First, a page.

to ensure that all considered solutions can be feasibly mapped to a concrete instance on the given target architecture. Techniques for determining feasible constraint graph embeddings on a given target architecture are discussed in Section 5.3
. However, by means of Satisfiability Modulo Theories (SMT) techniques, it is possible to take the result of such a feasibility check as feedback for improving the DSE subsequently. For this purpose, the conditions that render a solution infeasible are extracted, and then this knowledge is added to the 0-1 ILP formulation so that not only this single but all other solutions that fulfill these conditions are removed from the search space. For the example in Figure 6
, it can be deduced that all solutions with identical clustering of tasks and an identical mapping but a lower maximum hop distance (i.e., hops ≤1 and hops ≤2) will only be harder to embed and, thus, can also be excluded from the search space. Since also bandwidth requirements, hop distances, and the task clustering are included in the 0-1 ILP formulation, this can be learned by formulating respective constraints and adding them after each failed feasibility check. In Reference [45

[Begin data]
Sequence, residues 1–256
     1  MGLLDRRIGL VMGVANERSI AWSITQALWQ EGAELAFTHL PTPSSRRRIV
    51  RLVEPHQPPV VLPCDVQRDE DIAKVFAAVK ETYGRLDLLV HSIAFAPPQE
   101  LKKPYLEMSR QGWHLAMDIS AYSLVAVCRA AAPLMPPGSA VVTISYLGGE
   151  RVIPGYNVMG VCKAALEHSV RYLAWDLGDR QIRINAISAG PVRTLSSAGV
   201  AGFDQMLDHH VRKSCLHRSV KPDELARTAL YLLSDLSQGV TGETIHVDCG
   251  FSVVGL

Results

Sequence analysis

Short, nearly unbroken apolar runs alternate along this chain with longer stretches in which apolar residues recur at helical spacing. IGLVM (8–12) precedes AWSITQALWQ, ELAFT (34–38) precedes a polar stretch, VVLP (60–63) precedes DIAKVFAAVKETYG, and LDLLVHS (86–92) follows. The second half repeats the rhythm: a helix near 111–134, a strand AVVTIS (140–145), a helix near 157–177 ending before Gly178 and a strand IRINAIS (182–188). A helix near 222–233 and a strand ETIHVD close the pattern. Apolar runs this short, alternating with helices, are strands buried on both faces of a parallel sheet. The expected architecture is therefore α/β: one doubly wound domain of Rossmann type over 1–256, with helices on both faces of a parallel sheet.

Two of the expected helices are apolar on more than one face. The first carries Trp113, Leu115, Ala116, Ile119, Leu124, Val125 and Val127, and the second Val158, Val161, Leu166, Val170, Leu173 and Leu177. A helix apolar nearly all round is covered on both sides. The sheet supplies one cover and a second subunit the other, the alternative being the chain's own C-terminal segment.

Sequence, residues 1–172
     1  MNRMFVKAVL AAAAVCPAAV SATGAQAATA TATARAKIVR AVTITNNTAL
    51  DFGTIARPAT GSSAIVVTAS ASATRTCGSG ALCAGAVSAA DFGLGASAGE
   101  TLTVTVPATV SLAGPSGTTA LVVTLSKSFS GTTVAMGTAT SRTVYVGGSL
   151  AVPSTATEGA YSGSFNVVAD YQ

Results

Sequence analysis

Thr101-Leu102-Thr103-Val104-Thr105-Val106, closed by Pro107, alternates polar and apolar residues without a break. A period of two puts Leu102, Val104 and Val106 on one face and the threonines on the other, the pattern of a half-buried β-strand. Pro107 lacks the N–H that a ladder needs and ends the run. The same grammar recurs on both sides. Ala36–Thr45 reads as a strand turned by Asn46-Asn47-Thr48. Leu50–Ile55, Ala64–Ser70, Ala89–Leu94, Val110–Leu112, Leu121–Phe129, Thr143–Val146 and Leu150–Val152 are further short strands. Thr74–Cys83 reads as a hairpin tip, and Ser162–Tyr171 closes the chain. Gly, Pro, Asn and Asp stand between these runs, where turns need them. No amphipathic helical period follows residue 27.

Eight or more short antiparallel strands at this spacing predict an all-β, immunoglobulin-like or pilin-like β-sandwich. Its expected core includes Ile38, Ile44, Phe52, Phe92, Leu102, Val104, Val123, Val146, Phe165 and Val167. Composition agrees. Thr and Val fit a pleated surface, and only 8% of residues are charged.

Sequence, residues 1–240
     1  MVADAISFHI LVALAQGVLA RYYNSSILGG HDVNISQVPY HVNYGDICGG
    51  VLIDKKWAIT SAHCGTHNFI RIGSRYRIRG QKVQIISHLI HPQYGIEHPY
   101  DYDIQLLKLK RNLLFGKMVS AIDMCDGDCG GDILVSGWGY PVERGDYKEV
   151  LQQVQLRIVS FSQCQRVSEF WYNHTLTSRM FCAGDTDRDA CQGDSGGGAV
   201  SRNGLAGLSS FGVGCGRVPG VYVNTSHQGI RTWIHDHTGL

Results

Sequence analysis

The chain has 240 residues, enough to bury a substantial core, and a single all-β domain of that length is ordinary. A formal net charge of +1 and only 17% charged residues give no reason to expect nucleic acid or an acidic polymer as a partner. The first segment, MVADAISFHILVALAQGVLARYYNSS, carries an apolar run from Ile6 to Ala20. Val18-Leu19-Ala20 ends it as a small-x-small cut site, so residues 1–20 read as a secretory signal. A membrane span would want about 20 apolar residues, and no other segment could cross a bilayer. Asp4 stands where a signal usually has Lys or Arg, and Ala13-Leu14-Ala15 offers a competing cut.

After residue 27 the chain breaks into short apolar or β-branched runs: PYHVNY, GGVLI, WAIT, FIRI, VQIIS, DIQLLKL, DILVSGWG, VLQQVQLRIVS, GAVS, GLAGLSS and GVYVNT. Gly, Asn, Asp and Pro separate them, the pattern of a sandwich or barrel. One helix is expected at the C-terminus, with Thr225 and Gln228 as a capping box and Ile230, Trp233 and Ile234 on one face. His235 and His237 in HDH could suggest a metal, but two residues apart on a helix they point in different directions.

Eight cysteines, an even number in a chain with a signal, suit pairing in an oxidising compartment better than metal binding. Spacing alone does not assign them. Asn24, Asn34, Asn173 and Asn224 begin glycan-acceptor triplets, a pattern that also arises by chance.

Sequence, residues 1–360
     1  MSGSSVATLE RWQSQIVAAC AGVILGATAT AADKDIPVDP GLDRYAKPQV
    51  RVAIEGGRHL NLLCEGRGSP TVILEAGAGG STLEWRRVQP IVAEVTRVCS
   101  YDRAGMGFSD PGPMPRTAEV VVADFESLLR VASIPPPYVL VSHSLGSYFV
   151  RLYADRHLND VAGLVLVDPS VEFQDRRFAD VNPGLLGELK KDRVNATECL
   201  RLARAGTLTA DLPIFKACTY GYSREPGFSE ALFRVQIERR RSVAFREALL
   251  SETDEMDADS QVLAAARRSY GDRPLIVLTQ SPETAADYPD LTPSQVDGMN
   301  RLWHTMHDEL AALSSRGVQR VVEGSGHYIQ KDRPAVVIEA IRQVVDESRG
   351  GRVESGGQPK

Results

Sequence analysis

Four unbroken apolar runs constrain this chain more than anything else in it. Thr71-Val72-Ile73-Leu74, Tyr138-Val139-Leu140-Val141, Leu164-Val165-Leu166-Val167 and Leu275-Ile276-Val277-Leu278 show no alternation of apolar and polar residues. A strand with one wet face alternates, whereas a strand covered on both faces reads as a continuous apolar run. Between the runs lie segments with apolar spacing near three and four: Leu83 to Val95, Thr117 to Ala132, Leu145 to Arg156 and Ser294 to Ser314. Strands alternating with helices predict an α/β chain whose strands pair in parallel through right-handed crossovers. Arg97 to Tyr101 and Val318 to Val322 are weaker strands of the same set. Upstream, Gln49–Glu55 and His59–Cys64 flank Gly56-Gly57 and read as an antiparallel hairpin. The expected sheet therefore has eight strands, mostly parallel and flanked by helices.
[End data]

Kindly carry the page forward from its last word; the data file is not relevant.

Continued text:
], it has been shown that this problem-specific learning technique has the potential of excluding large parts of the search space with much fewer feasibility checks.
5.3. Constraint Graph Embedding